Turbulence by David Szalay: This is a super short, super swift read about connection and turbulence – both in the air and on the ground. Each chapter follows a different situation in a different city (divided by airport code – pretty cute framing device). These little snapshots left me wanting more, but I liked ’em while they lasted.
Dear Edward by Ann Napolitano: Speaking of turbulence….Dear Edward is the story of a 12-year old boy who is the sole survivor of a plane crash. That’s right. I was terrified to read this book but I’m so happy I did. Napolitano flips back and forth from the flight, and the stories of those on board, to Edward’s new life. This is a fast-paced, devastating yet exhilarating story. Even though you brace yourself for what you know if coming, you can’t look away. With all travel on pause for the next while, it’s the perfect time to crack this one open. Get your kleenex handy.
The Dutch House – Anne Patchett: This family drama takes place over the course of 50 years. After growing up in a Gatsby-esque world of splendour, a brother and sister find themselves booted out of the family home when their dad remarries. This is their story as they back to check on “their” house year after year, reflecting on their lives, where they were, where they are, and where they think they’re going.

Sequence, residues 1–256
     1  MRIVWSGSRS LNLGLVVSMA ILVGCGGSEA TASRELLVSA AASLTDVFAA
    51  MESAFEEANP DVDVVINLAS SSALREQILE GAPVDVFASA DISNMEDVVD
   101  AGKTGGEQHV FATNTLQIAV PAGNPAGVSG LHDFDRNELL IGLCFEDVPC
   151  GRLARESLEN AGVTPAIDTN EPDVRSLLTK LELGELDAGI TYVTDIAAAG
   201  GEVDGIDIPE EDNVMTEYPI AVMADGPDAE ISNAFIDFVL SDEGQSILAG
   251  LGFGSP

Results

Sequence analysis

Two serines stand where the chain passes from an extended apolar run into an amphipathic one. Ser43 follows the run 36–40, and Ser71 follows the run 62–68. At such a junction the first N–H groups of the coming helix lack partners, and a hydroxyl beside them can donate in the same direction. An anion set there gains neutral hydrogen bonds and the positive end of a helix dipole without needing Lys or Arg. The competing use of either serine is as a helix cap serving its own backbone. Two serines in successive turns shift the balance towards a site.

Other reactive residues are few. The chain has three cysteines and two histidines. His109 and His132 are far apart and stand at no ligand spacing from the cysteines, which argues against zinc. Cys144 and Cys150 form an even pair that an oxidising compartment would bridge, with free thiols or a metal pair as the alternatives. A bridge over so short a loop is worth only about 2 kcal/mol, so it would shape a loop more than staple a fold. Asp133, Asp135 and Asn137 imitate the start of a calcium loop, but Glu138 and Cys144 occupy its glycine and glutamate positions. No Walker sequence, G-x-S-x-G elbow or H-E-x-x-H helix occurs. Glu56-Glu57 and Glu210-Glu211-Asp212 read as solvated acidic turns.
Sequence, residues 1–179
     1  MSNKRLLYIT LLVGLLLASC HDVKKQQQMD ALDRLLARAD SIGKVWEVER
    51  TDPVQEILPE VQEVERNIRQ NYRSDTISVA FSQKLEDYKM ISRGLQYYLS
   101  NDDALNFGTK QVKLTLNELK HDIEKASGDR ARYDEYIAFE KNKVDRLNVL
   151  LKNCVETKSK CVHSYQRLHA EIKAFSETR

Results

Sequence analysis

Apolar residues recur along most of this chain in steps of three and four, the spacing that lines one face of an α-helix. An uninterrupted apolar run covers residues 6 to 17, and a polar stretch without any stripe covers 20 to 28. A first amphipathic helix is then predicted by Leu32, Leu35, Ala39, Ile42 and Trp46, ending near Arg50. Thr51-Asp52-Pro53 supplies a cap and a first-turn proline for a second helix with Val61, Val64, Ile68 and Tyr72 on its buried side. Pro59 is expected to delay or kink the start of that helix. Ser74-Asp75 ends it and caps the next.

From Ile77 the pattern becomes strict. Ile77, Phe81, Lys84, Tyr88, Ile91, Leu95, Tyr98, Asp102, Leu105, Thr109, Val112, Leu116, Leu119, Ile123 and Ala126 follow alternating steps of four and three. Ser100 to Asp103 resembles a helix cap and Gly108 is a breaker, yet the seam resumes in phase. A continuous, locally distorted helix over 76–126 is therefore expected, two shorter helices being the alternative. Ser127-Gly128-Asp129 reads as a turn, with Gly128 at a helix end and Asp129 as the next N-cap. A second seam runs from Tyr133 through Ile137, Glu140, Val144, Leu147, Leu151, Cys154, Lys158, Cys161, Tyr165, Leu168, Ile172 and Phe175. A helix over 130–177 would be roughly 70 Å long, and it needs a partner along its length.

A Woman is No Man by Etaf Rum: This story takes us inside the lives of a Palestinian family in Brooklyn. Old school rules clash with modern expectations with tragic results. This is the generational story of the daughters of tradition trying to raise their voices – and have them heard. I loved it.
All We Ever Wanted by Emily Griffin: Looking for a good, fun, cheese-read? Look no further! This one reminded me a tiny bit of Celeste Ng’s books mixed with the Netflix show Elite. New money, old money and no money all clash at a fancy Nashville school when nudey pics get sent around. And while we always want to be on our kids’ side, should we?
The Water Dancer by Ta-Nehisi Coates. If magical realism isn’t your thing, move on. But if it is, youâ€™ll get right into this poetic novel. Slavery, separation of families, justice and reunification. There is a lot going on in these pages in terms of people, places, time and space. I keep re-writing and deleting plot summaries but each time I either complicate, or over-simplify, what this book is all about. Itâ€™s brutal and beautiful and reminds me so much of Toni Morrisonâ€™s work. It haunted me long after I finished it.
American Dirt by Jeanine Cummins: Oh, where to begin with this one? There is so much noise surrounding this book. Short version: the novel was getting a lot of positive press, even receiving Oprahâ€™s coveted blessing. And then the controversy and criticism took over: cultural appropriation, trauma porn, right-story-wrong-voice, the list goes on (google for more info). This movement of who can tell what stories makes me very uncomfortable (see: Joseph Boyden, author of one of my all-time faves, The Orenda – which you should read if you havenâ€™t. Review here). Every reader must make their own decision on what books they will read. This one is a fictionalized tale of a mother and son escaping gang violence in Acapulco, trying to make their way North to the US. I could write an entire blog post on this book alone, and am happy to have an actual book club meeting about it anytime. But for now, read it for yourself. Or donâ€™t.